Many organisations have difficulties with getting remote work to work. The typical strategy is to focus on technical solutions. However, there are better ways to make remote work — work.

1. Remote work is primarily a cultural challenge

Many organisations have difficulties with getting remote work to work. A popular way of addressing this issue is to focus on technical solutions for online meetings and collaborations. However, as most of us know — this doesn’t solve the underlying problem of corporate cultures where leaders don’t trust their workforce to do too much of their work from home. Remote work is typically more of a cultural issue than a technological one.

Are leaders wrong to distrust their workforce? In a sense, no. Working from home requires a tremendous discipline. Anyone can get stuck in a rut of fighting procrastination and faking busyness. The problem here isn’t a lack of trust or a lack of work ethic; the problem is the transference of office work to remote work without making serious adjustments to internal communication processes.

  • Tackle remote work as a cultural challenge, not as a technical issue.

2. Remote meetings is for in-group confirmation

A remote workforce should check in with each other via phone, messages, and video meetings on a regular meetings. This is primarily important from a social perspective; as humans we need constant in-group feedback to feel that we belong and that our purpose has meaning. At the office, we get this deep-seeded psychological need met outside of meetings and, thus, we can use meetings for more objective-oriented purposes. Our need for in-group confirmation grows stronger when we’re isolated. 

The primary purpose of remote meetings and calls should therefore be social. Because without in-group confirmation on a regular basis, we lose touch with our sense of meaning and belonging. A conference call or a hangout with a remote workforce should therefore be more closely related to a team building exercise than to a typical in-office meeting.

  • Use online meetings to replenish social energy (in-group feedback).

3. Communication by deliverables is the best approach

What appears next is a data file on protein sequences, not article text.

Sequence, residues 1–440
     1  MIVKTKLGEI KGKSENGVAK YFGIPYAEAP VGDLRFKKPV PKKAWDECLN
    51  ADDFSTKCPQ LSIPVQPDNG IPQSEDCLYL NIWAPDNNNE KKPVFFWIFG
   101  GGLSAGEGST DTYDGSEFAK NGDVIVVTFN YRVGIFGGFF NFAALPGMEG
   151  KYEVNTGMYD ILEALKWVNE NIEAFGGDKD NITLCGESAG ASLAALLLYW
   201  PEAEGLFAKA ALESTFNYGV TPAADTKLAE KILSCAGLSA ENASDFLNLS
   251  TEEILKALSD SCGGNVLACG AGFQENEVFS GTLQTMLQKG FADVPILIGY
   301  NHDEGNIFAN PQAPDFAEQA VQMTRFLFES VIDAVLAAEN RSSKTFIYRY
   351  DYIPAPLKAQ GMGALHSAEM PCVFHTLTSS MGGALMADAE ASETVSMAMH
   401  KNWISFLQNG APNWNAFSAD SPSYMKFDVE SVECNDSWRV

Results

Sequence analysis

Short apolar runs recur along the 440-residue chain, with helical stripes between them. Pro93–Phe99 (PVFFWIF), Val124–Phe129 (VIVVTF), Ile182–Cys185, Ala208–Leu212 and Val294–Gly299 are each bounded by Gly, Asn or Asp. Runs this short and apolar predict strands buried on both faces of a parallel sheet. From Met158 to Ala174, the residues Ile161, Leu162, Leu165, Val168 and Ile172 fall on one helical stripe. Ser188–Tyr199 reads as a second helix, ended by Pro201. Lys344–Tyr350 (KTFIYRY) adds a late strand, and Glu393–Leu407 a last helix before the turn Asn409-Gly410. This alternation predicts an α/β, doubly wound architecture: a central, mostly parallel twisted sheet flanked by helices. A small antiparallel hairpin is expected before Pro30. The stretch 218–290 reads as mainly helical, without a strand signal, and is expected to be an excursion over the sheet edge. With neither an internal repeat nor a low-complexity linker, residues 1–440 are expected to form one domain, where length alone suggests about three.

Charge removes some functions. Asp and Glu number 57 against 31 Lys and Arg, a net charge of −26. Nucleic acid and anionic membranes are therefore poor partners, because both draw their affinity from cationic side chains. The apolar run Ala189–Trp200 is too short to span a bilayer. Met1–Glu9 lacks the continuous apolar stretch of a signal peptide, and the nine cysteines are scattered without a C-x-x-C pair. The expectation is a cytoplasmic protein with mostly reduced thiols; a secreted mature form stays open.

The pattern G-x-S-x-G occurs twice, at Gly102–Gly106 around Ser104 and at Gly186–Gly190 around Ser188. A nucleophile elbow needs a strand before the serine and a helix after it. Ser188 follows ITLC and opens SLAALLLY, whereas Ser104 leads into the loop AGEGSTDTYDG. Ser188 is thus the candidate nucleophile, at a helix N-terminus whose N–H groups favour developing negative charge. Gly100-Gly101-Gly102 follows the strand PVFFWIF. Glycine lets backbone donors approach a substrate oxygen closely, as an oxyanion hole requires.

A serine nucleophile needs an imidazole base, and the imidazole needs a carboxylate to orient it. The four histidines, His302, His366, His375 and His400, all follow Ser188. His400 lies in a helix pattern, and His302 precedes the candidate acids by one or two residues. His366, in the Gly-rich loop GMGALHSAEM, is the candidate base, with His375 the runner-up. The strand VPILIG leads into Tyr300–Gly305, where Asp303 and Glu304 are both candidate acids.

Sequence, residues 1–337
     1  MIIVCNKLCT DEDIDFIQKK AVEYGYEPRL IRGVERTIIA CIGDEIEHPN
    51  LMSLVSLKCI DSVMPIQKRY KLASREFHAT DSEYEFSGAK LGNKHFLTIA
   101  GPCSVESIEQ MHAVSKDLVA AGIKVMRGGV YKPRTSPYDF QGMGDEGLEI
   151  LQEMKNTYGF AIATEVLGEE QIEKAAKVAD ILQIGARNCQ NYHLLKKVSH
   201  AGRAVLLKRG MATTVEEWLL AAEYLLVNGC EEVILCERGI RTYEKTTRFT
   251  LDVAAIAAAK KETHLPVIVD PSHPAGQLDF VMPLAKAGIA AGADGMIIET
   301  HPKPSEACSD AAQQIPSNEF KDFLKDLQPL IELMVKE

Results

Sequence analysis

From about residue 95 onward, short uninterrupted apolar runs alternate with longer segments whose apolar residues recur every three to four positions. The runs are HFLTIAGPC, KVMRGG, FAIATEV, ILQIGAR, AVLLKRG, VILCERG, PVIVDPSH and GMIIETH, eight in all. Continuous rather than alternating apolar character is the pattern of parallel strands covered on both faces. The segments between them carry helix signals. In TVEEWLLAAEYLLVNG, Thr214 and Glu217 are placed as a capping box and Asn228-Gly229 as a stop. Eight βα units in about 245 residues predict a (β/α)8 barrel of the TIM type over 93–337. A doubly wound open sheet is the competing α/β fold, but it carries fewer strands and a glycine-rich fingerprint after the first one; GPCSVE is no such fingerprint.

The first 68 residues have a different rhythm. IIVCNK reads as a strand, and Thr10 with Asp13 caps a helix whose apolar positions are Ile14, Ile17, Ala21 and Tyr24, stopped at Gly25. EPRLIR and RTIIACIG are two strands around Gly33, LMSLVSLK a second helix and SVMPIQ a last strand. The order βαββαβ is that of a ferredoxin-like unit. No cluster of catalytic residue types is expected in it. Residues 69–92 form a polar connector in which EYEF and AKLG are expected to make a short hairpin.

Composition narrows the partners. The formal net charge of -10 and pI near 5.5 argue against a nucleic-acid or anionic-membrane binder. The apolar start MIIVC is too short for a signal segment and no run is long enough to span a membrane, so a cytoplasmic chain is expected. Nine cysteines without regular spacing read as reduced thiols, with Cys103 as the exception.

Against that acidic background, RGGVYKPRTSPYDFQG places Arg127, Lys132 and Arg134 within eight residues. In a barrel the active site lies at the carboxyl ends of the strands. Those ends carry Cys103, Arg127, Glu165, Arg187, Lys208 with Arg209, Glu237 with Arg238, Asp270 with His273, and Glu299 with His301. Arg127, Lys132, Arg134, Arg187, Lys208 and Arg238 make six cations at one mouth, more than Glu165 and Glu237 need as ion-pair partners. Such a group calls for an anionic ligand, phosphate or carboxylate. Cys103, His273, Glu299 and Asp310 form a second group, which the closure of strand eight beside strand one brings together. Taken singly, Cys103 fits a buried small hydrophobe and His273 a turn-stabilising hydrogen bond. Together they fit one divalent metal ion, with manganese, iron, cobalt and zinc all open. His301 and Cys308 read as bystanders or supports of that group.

Teamwork and open-office solutions are useful. But for a remote workforce, we must re-learn to appreciate and place more emphasis on independent problem-solving and freedom. A better approach is to focus on communication by deliverables.

This means that you should allow your remote workers to report progress by shipping highly specific deliverables. In essence, this means that managers should spend less time on controlling what people are doing at all times and instead focus on packaging and distributing scopes of work and following up on missed shipping deadlines. This means more freedom for remote workers to manage their own time in any way that works best for them — just as long as they ship their deliverables with a tremendous degree of accuracy.

  • Let remote workers report progress simply by shipping their deliverables.

About the Author

This article was written by Jerry Silfwer is an awarded freelance consultant specialising in digital strategy and public relations. Based in Stockholm, Sweden. See more.

Recently Published

Key Takeaway: Nanotechnology, which includes particles smaller than 10,000 times the diameter of a human hair, is playing a growing role in various industries, including medicine, cosmetics, and medicine. Nanoparticles can pass easily through the blood-brain barrier, potentially enabling better treatment of brain diseases and disorders like cancer and dementia. They can also be used […]
Key Takeaway: George Bernard Shaw referred to Ebenezer Howard’s “garden cities” concept in the late 19th and early 20th centuries, which he believed would offer the advantages of town and country without the drawbacks. Recently, a Silicon Valley consortium called Flannery Associates purchased land for California Forever, a contentious project that echoes Howard’s ideas. Howard’s […]

Top Picks

Key Takeaways: Nanotechnology is set to revolutionize clothing, transportation, and transportation. Clothing will be tailored to individual needs, with synthesizers in closets creating clothing that fits perfectly. Nanosuits, made of 5 microns thick fabric, will cover the wearer’s body, allowing separate holes for individual hairs and making them weightless. This technology will double the amount […]
Key Takeaway: Online algorithms on social media platforms amplify information people are biased to learn from, leading to social misperceptions, conflict, and the spread of misinformation. This mismatch between human psychology and algorithm amplification can result in functional misalignment, leading to incorrect perceptions of the social world and the spread of misinformation. Research on this […]
Key Takeaways: Online gaming communities could be a vital lifeline for young men struggling with mental health issues, according to new research. Members with more depressive symptoms and less real-life support were 40% more likely to form and maintain social ties with fellow gamers compared to those with more real-life support. This suggests the chat […]


I highly recommend reading the McKinsey Global Institute’s new report, “Reskilling China: Transforming The World’s Largest Workforce Into Lifelong Learners”, which focuses on the country’s biggest employment challenge, re-training its workforce and the adoption of practices such as lifelong learning to address the growing digital transformation of its productive fabric. How to transform the country […]

Join our Newsletter

Get our monthly recap with the latest news, articles and resources.


Welcome to Empirics

We are glad you have decided to join our mission of gathering the collective knowledge of Asia!
Join Empirics